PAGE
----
The recently convened Searching for Sanctuary Film Festival at Biola University presented significant independent films that explored the meaning of, and human longing for, sanctuary. The films screened were illustrative of the deep yearning all humans have for true sanctuary and the repercussions of its absence, ultimately pointing to the archetype of sanctuary for the Christian, Jesus Christ.
One of the films screened was directed by Orlando van Einsiedel entitled, Skateistan: To Live and Skate in Kabul. It provided a beautifully shot and deeply poignant portrayal of the importance of sanctuary in the lives of the children of Kabul, Afghanistan, whose lives are tremendously impacted not only by the notable absence of sanctuary, but also how they were able to find it upon a skateboard. Here is not only an opportunity to view this wonderful film, but a theological reflection of its significance.
This is the first part of a two part mini-series that will seek to answer two questions regarding the large portions of legal corpora spread through the Pentateuch, or the first five books of the Bible, known by the Hebrew term Torah and often translated into English as "Law." In Part I we will ask the question "What Is It?" and in Part II to appear next month, we will consider the question "What Is It For?" not only for ancient Israel, but also its relation and significance for modern day Christians.
I am now in my second year as a faculty member at Biola University’s Talbot School of Theology. Prior to this, I’ve spent the last 16 years of my life doing primarily two things: 1) attending three different universities, and; 2) working for local churches in a variety of capacities. You would think that after that amount of time invested in both theological higher education and church service, I would have learned quite a bit about the local church. Yet, this is anything but the case and not because the curriculum of my seminary lacked adequate focus on ecclesiology. Rather, teaching at a Christian university has opened up an amazing new curriculum for me and afforded me a unique and fresh vista from which to view the Church and learn from one of her most precious treasures – young people – and in this case, undergraduate students.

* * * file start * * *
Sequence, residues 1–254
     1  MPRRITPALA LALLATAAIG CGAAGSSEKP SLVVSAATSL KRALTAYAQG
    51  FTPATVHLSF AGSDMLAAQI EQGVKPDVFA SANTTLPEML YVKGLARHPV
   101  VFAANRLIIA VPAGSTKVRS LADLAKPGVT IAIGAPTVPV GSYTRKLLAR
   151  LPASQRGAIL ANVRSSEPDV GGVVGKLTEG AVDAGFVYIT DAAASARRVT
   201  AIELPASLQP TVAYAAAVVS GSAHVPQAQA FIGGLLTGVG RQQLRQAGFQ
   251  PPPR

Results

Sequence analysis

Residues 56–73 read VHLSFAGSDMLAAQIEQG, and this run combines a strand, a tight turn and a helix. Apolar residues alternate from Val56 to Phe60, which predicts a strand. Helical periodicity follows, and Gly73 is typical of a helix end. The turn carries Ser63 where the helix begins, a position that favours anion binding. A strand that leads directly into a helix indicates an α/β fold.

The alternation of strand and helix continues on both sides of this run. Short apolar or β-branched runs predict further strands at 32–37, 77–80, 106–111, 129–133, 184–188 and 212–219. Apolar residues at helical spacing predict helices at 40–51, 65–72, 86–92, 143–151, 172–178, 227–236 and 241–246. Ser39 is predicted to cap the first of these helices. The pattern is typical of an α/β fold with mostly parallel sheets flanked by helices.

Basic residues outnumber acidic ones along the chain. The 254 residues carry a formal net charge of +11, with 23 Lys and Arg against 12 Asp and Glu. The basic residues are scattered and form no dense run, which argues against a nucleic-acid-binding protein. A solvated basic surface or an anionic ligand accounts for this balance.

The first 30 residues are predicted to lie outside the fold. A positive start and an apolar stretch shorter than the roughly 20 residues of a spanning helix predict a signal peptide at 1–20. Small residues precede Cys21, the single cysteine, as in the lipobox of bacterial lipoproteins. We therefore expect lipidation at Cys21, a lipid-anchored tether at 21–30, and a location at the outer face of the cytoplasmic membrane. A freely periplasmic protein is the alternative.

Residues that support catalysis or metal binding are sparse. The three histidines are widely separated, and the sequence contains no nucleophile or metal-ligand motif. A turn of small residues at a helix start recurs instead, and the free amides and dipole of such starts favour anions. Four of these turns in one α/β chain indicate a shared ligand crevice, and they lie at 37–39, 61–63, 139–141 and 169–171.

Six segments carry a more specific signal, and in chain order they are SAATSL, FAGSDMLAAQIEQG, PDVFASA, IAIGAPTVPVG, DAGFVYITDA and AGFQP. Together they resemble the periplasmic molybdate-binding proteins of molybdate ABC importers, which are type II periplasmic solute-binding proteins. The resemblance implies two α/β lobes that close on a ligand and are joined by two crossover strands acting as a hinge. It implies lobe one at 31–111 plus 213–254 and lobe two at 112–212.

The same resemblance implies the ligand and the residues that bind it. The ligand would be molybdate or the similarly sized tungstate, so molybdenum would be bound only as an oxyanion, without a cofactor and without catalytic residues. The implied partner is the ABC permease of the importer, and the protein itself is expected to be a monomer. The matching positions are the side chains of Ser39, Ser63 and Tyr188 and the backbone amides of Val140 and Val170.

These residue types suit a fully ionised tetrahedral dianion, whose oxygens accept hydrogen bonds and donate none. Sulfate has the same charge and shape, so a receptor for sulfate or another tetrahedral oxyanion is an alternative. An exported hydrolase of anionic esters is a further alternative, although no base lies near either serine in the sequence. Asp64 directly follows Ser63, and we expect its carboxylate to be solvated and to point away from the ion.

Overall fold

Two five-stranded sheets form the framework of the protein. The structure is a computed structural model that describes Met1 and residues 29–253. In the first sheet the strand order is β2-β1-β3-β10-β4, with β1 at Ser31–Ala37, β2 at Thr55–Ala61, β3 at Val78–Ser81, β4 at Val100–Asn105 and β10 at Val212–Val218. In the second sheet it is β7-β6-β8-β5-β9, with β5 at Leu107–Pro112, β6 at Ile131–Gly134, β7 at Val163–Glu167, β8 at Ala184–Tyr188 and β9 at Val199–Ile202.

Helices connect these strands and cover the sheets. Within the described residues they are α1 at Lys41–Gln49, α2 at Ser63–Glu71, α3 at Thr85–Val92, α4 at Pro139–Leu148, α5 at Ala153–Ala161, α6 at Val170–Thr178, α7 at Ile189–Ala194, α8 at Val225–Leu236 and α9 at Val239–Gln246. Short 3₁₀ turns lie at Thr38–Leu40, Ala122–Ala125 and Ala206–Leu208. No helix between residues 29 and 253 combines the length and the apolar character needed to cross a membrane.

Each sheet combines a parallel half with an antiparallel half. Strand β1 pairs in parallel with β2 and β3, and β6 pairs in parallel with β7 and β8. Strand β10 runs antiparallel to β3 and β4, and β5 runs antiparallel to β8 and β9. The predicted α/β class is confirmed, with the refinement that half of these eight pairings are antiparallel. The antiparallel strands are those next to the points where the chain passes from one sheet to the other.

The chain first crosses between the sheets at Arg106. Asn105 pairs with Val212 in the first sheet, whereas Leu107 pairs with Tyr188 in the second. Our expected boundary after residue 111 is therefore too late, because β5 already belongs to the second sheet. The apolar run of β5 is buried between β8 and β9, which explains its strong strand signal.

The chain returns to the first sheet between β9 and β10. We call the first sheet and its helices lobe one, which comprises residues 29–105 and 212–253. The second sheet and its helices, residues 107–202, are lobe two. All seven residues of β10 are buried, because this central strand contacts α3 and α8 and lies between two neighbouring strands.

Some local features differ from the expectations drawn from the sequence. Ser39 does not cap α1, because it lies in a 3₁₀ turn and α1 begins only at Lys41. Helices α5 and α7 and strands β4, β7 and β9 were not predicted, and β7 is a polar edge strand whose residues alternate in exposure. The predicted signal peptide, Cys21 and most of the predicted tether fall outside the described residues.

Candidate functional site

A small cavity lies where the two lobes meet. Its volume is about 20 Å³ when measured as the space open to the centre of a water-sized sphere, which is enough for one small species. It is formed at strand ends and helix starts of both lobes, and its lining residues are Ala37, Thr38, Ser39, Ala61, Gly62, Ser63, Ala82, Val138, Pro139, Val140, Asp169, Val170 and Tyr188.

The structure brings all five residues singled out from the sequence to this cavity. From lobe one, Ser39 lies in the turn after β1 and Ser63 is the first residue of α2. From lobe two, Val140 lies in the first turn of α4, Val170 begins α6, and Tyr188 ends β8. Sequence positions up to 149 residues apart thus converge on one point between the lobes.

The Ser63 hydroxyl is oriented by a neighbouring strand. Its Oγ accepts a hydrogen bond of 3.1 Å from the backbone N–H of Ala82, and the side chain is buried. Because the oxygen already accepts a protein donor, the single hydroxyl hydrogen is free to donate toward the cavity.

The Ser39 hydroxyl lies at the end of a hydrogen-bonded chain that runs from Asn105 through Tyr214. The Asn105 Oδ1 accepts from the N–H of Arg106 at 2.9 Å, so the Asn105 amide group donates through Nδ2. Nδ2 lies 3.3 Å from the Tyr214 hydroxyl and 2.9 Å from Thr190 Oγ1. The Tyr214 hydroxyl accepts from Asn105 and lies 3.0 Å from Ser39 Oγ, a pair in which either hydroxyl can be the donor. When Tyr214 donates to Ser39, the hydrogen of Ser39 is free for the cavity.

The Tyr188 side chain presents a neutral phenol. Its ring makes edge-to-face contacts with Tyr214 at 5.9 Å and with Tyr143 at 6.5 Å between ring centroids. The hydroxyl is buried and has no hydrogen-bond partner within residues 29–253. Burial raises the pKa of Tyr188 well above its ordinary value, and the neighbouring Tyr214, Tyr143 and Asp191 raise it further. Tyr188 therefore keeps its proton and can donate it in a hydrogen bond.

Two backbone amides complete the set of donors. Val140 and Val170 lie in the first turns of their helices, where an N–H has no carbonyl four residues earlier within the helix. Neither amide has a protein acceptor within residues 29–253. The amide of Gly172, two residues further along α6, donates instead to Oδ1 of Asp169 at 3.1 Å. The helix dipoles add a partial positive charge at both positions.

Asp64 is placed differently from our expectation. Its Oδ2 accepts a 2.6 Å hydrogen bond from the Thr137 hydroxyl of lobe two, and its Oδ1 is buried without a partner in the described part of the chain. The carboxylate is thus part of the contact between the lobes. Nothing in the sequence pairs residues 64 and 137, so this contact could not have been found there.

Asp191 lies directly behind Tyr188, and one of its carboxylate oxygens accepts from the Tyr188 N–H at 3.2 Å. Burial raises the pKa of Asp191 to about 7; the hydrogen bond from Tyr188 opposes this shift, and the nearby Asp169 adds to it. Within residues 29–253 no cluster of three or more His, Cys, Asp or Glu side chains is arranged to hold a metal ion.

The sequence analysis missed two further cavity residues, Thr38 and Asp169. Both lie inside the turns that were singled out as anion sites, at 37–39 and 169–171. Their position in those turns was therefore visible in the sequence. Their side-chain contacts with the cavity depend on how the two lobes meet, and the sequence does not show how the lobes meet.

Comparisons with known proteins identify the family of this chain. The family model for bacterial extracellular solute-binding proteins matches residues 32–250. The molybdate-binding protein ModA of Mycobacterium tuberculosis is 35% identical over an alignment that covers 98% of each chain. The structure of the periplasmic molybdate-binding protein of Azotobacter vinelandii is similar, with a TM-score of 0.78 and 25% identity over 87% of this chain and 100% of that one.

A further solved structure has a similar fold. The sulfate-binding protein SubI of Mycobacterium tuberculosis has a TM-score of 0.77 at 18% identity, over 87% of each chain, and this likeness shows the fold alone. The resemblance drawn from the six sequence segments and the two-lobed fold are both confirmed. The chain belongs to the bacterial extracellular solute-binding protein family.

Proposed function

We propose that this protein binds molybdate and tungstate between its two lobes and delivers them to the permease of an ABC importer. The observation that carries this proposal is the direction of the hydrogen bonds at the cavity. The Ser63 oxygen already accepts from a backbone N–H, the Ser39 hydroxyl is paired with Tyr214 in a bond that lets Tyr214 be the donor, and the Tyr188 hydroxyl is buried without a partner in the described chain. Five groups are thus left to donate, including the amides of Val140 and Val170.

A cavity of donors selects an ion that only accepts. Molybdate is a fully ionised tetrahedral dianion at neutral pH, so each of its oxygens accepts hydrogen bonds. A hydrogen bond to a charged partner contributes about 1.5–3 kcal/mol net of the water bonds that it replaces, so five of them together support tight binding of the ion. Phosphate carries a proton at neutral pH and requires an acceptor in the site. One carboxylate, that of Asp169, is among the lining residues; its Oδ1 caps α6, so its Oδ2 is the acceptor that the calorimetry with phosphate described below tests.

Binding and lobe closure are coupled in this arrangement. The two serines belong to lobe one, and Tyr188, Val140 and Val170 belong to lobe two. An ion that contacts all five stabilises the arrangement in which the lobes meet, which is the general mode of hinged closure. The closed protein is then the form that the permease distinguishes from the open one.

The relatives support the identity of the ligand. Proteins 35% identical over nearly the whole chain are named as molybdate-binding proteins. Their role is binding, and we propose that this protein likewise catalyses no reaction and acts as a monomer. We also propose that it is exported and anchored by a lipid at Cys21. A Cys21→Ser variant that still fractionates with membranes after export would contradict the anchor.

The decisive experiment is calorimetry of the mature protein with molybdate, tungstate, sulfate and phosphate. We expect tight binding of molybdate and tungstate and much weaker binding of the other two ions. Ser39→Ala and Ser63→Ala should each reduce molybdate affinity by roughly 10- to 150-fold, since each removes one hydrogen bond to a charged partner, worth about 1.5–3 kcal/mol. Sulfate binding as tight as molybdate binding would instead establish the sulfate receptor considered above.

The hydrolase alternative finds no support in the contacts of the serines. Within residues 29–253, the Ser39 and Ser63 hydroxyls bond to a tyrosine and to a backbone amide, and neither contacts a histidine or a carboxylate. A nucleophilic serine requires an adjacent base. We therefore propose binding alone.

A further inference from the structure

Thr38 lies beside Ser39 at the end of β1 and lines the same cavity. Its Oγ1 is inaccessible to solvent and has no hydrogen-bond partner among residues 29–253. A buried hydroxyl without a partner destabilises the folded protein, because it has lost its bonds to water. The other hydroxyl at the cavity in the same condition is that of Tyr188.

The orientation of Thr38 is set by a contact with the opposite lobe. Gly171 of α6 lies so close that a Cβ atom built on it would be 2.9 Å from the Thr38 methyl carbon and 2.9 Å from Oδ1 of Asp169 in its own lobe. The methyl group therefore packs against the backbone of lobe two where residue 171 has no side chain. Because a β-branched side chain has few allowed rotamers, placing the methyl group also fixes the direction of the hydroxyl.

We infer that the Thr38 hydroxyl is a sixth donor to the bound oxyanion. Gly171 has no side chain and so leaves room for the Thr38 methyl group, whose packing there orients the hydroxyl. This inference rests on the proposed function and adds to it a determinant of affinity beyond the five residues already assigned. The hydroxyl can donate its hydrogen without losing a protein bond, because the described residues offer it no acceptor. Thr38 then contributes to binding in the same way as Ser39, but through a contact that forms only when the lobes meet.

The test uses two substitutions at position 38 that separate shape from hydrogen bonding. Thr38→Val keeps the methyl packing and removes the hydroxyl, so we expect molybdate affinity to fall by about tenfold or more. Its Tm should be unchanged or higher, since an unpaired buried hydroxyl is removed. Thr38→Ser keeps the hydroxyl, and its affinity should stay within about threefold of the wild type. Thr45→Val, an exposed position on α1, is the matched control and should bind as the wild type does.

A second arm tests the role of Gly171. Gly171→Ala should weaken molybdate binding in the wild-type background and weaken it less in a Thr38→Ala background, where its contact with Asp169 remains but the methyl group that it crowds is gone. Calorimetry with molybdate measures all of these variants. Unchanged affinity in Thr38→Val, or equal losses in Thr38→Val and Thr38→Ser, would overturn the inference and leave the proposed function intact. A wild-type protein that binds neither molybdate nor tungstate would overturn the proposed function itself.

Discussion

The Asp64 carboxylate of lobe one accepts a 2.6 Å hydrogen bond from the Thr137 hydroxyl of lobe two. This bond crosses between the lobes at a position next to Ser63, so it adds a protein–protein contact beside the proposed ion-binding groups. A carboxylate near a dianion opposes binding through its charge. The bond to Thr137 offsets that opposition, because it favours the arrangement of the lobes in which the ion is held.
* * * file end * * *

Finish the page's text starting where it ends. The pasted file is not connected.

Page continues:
I would like to share some of the greatest lessons this new curriculum has taught me as I seek to teach undergraduates.
Along with speaking to one another in psalms, hymns, and spiritual songs, if one were to peruse the communication literature of most American, Evangelical churches, it would seem that Paul had somehow left off Twitter, Facebook, Wikipedia, and blogs of every sort. The ubiquity of “social media” in all its iterations has found quite the tender audience in Evangelicalism with seemingly no parachurch ministry, church (along with each respective ministry therein), pastor, youth minister, or seminary able forge ahead without intermittingly spreading communicative buckshot across the world wide web at a 140 character pace.